“Our support will always be available depending on whether the government needs it. We are prepared to continue assisting for as long as it takes to finalise the high-profile trials,” Ambassador Amadei added.

Justice Hungwe’s contract was only renewed last month after it had expired on 28 February 2022.  Before that, it had been renewed in November 2021 after its expiry on 31 October 2021.

Although it was clear that he would not have finalised the cases before him by then, the JSC last month only extended Justice Hungwe’s contract to 31 March 2022.

The Zimbabwean judge was one of the three foreign judges who were engaged by the government and JSC in 2019 to try the high-profile trials involving politicians and members of the national security agencies.

The others were Botswana judges Kabelo Lebotse and Onkemetse Tshosa.

At the time, then Justice and Correctional Services Minister, Mokhele Moletsane, said although local judges were competent enough to try the cases, the government and SADC felt it necessary to engage foreign judges because the cases in question were politically sensitive. He said the verdicts of the foreign judges were less likely to be viewed as biased.

Justices Lebotse and Tshosa subsequently resigned in May 2020 and August 2021 respectively, citing poor working conditions, among other things. They were also unhappy about the delaying tactics deployed by the suspects to stall the trials.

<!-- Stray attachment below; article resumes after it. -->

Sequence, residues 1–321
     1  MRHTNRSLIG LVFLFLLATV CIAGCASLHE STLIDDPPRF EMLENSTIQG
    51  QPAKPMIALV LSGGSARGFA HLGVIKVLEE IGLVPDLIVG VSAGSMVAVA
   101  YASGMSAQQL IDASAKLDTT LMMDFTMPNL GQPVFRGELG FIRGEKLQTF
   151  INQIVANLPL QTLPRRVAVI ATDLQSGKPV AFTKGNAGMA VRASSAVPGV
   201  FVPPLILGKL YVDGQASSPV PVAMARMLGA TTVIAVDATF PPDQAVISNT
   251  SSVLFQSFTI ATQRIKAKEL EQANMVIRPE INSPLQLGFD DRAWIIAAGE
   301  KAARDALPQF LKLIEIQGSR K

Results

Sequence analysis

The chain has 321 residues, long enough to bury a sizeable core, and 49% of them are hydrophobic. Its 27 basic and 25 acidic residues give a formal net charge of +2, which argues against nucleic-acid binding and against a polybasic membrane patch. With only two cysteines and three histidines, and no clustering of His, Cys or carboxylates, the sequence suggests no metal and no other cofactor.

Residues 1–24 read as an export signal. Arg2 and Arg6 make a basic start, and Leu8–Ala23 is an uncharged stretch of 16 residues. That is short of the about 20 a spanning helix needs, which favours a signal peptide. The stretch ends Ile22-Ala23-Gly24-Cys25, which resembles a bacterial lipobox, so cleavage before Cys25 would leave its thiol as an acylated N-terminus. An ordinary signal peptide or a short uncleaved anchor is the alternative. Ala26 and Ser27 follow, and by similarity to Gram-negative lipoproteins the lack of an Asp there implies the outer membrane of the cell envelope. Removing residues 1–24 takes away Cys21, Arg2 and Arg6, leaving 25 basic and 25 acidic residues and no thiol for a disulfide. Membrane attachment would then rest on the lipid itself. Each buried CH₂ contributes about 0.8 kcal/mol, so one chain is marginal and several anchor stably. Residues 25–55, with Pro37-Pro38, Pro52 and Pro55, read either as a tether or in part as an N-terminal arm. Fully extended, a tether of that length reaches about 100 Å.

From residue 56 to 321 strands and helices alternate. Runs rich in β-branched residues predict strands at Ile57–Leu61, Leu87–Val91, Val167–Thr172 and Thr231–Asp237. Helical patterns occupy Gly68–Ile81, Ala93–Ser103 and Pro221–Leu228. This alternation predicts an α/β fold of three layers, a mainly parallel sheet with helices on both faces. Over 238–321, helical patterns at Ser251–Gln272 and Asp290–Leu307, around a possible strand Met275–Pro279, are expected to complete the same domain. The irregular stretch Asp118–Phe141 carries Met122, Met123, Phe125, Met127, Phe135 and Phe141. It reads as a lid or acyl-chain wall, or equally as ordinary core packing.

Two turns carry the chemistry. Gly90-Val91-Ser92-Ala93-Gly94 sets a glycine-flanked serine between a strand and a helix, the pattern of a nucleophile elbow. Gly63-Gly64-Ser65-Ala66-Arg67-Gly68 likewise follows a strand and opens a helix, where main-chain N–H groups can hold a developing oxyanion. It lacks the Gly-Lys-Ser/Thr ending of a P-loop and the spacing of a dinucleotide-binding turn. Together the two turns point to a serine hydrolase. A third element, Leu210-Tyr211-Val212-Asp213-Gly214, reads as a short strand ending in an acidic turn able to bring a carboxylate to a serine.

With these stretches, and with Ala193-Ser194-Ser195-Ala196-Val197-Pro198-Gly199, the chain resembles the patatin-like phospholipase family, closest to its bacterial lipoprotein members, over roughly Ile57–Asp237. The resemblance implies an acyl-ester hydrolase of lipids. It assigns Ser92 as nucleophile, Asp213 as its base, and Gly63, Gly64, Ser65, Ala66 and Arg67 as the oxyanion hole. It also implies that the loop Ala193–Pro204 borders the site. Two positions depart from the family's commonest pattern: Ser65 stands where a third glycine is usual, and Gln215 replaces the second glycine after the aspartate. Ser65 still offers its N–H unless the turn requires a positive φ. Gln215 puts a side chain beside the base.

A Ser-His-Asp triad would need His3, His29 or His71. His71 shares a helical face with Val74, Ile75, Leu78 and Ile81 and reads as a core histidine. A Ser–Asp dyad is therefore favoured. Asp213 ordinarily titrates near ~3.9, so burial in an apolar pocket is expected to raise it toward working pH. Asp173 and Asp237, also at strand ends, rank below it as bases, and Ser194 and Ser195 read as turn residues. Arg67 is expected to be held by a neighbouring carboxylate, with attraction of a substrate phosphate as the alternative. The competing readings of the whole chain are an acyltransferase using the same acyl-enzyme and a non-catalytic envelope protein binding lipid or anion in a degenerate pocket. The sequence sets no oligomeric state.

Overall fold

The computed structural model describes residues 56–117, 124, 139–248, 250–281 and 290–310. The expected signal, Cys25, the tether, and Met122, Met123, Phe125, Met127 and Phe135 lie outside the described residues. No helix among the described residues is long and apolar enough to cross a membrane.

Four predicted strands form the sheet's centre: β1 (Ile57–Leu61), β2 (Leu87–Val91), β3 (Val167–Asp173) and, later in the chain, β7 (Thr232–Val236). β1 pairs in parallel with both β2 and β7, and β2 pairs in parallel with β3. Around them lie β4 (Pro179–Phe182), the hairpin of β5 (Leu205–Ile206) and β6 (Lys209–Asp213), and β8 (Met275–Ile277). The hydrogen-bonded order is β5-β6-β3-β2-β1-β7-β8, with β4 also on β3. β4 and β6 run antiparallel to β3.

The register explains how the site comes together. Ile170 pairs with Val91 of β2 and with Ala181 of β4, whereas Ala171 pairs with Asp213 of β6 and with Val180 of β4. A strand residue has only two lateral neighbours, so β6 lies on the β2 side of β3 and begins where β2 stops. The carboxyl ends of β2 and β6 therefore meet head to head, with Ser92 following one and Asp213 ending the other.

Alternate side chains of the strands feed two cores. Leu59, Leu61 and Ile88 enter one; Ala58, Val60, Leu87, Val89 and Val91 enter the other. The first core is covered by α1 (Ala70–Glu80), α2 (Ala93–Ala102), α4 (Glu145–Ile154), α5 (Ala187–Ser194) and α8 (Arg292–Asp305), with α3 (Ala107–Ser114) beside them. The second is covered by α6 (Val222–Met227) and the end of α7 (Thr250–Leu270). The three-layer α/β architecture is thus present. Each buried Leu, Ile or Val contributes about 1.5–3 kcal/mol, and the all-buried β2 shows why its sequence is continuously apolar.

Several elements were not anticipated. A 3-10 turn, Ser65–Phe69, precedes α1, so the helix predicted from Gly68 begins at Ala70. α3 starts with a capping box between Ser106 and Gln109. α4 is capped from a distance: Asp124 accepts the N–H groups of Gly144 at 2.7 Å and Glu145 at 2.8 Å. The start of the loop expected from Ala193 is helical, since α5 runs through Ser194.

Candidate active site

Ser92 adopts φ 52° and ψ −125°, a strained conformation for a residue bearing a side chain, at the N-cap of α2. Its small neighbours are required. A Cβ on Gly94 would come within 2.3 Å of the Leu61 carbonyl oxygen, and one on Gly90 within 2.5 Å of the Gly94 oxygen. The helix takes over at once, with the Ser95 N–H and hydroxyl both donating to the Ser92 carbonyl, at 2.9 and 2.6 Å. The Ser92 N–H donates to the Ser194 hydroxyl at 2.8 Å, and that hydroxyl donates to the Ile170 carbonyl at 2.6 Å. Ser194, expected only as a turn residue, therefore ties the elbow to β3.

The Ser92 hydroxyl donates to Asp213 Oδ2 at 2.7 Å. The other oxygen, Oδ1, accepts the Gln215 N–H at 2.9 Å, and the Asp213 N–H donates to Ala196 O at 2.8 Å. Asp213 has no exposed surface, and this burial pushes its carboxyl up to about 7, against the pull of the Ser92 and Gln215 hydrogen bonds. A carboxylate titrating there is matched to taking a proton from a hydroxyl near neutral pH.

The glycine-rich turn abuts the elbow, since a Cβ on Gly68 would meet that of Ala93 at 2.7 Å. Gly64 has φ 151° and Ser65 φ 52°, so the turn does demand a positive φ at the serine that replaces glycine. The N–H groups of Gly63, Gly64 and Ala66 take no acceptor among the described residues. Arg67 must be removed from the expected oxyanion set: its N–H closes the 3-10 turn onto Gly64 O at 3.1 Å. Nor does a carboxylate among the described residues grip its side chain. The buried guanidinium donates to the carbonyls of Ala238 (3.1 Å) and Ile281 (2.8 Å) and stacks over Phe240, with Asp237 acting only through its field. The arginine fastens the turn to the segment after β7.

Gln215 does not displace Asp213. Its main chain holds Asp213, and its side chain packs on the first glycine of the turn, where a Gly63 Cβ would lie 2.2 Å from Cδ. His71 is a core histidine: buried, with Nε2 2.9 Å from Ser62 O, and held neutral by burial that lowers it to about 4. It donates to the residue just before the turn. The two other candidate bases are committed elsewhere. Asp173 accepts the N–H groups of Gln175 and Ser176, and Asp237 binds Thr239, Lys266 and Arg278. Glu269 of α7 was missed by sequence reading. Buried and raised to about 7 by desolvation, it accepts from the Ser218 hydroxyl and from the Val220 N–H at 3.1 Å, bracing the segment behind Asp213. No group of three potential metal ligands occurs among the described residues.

Their resignations left Justice Hungwe with the herculean task of presiding over some of the high-profile trials by himself. Some of the cases, including the treason and murder trial of politicians, Mothetjoa Metsing and Selibe Mochoboroane, Lt-Gen Kamoli and others, have since been allocated to local judges.

Justice Hungwe was left to continue with Lt-Gen Kamoli and eight other soldiers’ trial for the June 2015 murder of Lt-Gen Mahao.

He also continued with Lt-Gen Kamoli and four other soldiers’ attempted murder trial over the January 2014 simultaneous bombings of the houses of former First Lady, ‘Maesaiah Thabane, and former Police Commissioner, Khothatso Tšooana.

He is also presiding over the trial of Senior Superintendent Thabo Tšukulu and three other police officers for the March 2016 murder of Police Constable (PC) Mokalekale Khetheng. The trial is scheduled to proceed on 3 May 2022.

But the trials have not been completed timeously because of the Stalingrad tactics of the accused, especially Kamoli, who are bent on frustrating the remaining foreign judge into living.

Kamoli has accused Justice Hungwe of being biased against him and launched another application for his recusal despite that a similar application was rejected by the Court of Appeal. Kamoli would probably have got inspiration to continue unjustifiably attacking Justice Hungwe from Chief Justice Sakoane’s seemingly unfortunate berating of Director of Public Prosecutions (DPP), Hlalefang Motinyane,  in one of the cases that the chief justice has assumed.  The DPP has since gone to the Court of Appeal to plead for the chief justice’s recusal. But it seems the chief justice’s remarks in that case, which appeared sympathetic to the accused, despite the fact that they have been primarily responsible for stalling their trials, would only have buoyed Kamoli into believing he would only get an acquittal if tried by a local judge.  Hence his latest seemingly frivolous application against Judge Hungwe.